Since 2012, top hospital administrators took several trips each year for insurance meetings and were reimbursed up to thousands of dollars per trip, according to a review of public records of spending from 2012 through 2017 obtained from NuHealth through a Freedom of Information Law request.

The NuHealth officials stayed at beachside resorts at rates of about $200 to $500 per night, according to receipts. Hotels included the Westin Grand Cayman Seven Mile Beach Resort & Spa and the Fairmont Southampton in Bermuda.

NuHealth provided a spreadsheet detailing more than $113,000 in expenses including airfare, hotels and food and restaurants, and administrative costs incurred by the captive insurer for trips over the six-year period.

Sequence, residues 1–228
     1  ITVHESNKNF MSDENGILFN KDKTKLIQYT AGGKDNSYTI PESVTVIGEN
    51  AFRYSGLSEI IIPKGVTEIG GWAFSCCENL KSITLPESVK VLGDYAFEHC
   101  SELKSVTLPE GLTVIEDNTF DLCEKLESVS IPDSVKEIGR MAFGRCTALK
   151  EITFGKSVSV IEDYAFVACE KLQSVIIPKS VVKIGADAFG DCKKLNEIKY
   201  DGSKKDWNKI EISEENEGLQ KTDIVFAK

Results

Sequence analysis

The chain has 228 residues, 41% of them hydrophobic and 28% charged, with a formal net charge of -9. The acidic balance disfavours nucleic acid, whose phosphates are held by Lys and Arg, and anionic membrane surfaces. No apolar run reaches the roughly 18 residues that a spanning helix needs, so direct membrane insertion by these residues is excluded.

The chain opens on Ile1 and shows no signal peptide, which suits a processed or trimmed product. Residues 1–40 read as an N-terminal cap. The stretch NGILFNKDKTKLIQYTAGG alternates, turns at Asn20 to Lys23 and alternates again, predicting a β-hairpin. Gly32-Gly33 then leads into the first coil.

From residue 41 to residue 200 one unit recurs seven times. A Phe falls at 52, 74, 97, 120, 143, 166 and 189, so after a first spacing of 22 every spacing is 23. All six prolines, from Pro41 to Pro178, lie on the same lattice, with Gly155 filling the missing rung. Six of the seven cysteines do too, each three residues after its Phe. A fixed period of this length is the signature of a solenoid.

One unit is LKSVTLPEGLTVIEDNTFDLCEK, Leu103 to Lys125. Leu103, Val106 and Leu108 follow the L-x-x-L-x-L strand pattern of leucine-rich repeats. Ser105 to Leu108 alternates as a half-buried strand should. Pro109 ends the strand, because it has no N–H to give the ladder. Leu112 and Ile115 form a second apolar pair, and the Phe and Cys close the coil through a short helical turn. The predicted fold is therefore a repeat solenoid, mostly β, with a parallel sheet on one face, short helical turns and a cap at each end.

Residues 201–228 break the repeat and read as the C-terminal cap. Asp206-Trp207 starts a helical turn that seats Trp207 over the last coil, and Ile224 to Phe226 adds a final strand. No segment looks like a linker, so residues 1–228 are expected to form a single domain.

Trips took place under Democratic and Republican county administrations.

Minutes show directors of NuHealth’s insurer discussed a variety of financial and legal issues at board meetings in the Caribbean:

  • On March 27, 2015, five NHCC Ltd. board directors, including Victor Politi, then president and chief executive of NuHealth, John Maher and the late NuHealth general counsel John Ciotti, met at the Sonesta Maho Hotel, a beach resort in St. Maarten. In a presentation on finances, an insurance manager noted that NuHealth needed to inject additional capital into the insurance company, “as it is currently out of compliance” with insurance law. The board approved the funding of $3.5 million.